The wedding scene is the one I can quote without prompting, but there are so many other great scenes & lines.

But this is about the book, not the movie :lol: :amused:

My copy of the book is a movie tie-in version as it has Wesley & Buttercup on the cover. So I saw the movie before reading the book. I’ve read it a few times, and while I do enjoy it, for me the movie is far superiors.
I do like the conceit of the book being an abridged “good parts” version of the story his dad would read him - the parallel to Grandad reading to the boy “is this a kissingbook?”

“As You Wish” :loveit: :loveit:
Elfy, DragonFlame liked this
#1514
The movie is perfect.

The book is interesting. Agreed about the meta-ness, which I don't think helps it. It feels a bit stiff. It's still obviously a good story but I don't love it in the same way. Part of me wonders if that's because I'm subconsciously comparing it to a perfect movie.

Has anyone read Cary Elwes book on some of the stories from the filming?
DragonFlame liked this
#1525
Peat wrote:The movie is perfect.

Has anyone read Cary Elwes book on some of the stories from the filming?
The Princess Bride is our family top favourite film for three generations, it is quoted without thinking. I have deliberately never read the book because I was, and still am, afraid it would actually spoil the film.

I do have Cary Elwes book AsYou Wish on audible. It is a treasure trove of details, anecdotes and memories with contributions by most of the cast. I was particularly impressed by the fact that Wesley and Inigo Montoya had to train very very hard, every day throughout filming in fencing, both left and right handed, and two top fight coordinators of the time, who had worked with Douglas Fairbanks and Erroll Flynn, trained them.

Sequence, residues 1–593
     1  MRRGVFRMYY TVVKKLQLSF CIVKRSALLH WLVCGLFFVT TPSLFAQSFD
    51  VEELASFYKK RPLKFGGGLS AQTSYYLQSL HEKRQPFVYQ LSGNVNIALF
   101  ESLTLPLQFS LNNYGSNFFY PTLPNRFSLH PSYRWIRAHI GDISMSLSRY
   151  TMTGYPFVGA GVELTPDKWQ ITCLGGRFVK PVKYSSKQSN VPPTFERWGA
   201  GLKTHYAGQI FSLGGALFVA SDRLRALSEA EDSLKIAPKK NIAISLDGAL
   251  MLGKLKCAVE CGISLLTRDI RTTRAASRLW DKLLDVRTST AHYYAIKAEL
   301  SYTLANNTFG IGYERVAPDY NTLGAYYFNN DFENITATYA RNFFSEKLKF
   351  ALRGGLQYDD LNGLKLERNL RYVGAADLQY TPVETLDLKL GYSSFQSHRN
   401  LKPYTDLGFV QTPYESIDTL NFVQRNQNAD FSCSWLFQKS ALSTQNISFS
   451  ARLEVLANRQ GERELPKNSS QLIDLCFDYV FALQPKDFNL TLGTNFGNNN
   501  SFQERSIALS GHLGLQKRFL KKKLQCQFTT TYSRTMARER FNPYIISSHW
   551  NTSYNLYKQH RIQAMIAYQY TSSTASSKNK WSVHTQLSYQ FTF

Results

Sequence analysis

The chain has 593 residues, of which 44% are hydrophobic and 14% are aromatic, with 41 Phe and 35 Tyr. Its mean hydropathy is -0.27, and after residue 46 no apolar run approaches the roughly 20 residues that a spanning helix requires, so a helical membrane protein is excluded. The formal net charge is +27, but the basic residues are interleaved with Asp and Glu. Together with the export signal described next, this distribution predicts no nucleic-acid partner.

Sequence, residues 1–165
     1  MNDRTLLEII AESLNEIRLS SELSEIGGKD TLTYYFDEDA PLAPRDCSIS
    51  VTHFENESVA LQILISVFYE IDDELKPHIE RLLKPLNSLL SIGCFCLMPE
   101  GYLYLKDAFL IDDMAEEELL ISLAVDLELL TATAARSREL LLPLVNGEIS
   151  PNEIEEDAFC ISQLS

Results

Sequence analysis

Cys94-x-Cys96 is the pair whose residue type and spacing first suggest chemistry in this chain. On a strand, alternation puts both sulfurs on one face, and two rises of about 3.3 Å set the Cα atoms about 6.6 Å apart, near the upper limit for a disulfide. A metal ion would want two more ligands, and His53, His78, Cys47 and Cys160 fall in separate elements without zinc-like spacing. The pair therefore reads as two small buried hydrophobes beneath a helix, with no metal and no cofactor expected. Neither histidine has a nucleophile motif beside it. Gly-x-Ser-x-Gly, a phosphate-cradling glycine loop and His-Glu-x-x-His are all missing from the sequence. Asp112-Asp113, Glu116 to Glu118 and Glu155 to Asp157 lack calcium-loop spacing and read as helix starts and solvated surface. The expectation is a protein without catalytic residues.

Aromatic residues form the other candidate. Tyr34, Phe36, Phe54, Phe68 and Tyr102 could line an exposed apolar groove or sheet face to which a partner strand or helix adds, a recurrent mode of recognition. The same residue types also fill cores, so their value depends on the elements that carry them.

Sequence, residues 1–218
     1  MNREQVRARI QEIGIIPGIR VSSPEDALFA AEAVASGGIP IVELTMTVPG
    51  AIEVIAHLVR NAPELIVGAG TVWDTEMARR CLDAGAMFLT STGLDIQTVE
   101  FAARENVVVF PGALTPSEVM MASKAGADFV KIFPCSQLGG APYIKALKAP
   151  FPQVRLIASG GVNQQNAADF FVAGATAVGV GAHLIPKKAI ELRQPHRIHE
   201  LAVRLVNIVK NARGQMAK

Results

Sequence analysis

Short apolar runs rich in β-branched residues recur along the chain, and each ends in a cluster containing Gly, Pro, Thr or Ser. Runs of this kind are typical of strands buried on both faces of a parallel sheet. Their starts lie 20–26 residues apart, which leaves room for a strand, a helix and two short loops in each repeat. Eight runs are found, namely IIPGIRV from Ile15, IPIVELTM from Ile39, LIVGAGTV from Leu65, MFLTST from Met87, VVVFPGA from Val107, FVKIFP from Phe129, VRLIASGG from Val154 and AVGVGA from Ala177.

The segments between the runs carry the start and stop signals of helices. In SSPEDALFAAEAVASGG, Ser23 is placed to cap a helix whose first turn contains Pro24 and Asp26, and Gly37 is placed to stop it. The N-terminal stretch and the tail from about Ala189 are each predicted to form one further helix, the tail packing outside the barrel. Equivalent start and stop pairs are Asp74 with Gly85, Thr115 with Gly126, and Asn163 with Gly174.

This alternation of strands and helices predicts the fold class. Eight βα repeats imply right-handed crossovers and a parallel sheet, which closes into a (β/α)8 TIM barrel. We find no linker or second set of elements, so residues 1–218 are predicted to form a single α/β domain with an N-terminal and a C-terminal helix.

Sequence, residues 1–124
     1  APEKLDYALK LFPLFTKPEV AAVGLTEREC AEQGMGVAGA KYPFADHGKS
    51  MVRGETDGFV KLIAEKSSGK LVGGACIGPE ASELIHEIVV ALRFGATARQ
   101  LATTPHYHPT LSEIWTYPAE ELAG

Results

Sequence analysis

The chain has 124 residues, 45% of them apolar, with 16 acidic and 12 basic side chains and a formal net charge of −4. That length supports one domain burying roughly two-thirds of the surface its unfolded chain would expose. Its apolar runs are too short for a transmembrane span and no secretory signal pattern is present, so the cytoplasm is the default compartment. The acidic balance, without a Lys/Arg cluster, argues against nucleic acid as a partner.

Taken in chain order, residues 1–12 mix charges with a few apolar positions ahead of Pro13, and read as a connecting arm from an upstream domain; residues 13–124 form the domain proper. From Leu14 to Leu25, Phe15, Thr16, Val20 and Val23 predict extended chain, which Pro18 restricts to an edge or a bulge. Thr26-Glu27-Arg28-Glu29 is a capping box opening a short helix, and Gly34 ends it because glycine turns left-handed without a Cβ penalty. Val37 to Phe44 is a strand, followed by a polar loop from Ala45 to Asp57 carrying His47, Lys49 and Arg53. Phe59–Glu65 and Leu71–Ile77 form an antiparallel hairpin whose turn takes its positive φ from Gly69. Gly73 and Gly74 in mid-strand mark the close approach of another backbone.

I also remember a great deal of love expressed by all of them for Andre the Giant. He was so kind, gentle and patient to everybody, despite living with constant severe pain from back injuries caused by his wrestling days. There was much more, a book well worth reading.
Peat liked this
#1537
DragonFlame wrote: May 24th, 2024, 23:11
Peat wrote:The movie is perfect.

Has anyone read Cary Elwes book on some of the stories from the filming?
The Princess Bride is our family top favourite film for three generations, it is quoted without thinking. I have deliberately never read the book because I was, and still am, afraid it would actually spoil the film.

I do have Cary Elwes book AsYou Wish on audible. It is a treasure trove of details, anecdotes and memories with contributions by most of the cast. I was particularly impressed by the fact that Wesley and Inigo Montoya had to train very very hard, every day throughout filming in fencing, both left and right handed, and two top fight coordinators of the time, who had worked with Douglas Fairbanks and Erroll Flynn, trained them.
I also remember a great deal of love expressed by all of them for Andre the Giant. He was so kind, gentle and patient to everybody, despite living with constant severe pain from back injuries caused by his wrestling days. There was much more, a book well worth reading.
I don't think you can spoil that film but I certainly understand not wanting to take the chance!
DragonFlame, xiagan liked this